IT’S UNWISE TO WALK AROUND WITH YOUR LAMP LIT, BUT TO LINGER IN THE DARK IS TO STEADILY BLEED SANITY
powerful incentive to keep moving, as much as you might want to hang back, and it’s mirrored by a shadow of another sort. Daniel’s former self, players may be unsurprised to discover, was not a wholly moral man: the game’s plot is as much about deciding whether his crimes are also yours as it is about chasing down Alexander. The three endings play this out a bit clumsily, but the process of reliving the original Daniel’s collapse from a likeable youth into a self-deluded sadist is wellhandled. The game mixes audible flashbacks with collectible documents and thirdperson accounts during loading breaks, with the import of certain dreamy motifs (and grisly noises) dawning on you as you piece together the chronology.
Horror games are seldom celebrated for their modding communities, but The Dark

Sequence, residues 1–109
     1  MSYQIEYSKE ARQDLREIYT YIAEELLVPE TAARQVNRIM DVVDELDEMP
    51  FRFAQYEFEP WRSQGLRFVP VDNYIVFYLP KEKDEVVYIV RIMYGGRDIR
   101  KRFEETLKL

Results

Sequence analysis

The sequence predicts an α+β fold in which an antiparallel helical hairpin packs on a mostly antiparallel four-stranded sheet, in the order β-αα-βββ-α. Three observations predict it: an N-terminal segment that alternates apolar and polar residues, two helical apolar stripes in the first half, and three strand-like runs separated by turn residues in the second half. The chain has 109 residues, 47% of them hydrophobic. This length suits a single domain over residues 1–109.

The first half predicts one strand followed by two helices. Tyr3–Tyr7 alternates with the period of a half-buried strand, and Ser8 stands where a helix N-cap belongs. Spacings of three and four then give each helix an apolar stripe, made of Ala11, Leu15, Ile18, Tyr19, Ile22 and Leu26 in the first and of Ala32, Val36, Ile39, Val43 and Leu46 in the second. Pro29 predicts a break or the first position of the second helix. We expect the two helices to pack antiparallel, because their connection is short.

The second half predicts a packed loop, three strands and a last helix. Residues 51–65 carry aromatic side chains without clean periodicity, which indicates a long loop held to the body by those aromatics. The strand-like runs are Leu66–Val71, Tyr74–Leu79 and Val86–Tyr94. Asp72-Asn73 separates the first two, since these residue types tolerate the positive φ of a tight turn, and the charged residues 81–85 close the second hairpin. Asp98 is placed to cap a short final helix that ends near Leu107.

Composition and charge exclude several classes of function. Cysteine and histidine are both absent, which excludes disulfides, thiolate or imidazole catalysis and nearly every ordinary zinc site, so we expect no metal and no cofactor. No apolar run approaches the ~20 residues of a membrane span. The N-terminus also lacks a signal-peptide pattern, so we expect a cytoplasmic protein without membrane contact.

Descent has sprouted something of a movement. At the time of writing, this seven-year-old title has over 800 usergenerated campaigns on moddb.com – ranging from fully fledged standalone epics such as The Great Work to an insanitary remake of Valve’s Portal. Frictional’s willingness to embrace what others make of its fiction extends to handing the sequel off to The Chinese Room, creator of Dear
Esther. The resulting Amnesia: A Machine for Pigs is a more politically aware, ferocious and highfalutin’ take on the same ideas but, in chopping away the sanity mechanics, also represents the reconciliation of Amnesia’s peculiarities with a more straightforward breed of interactive story.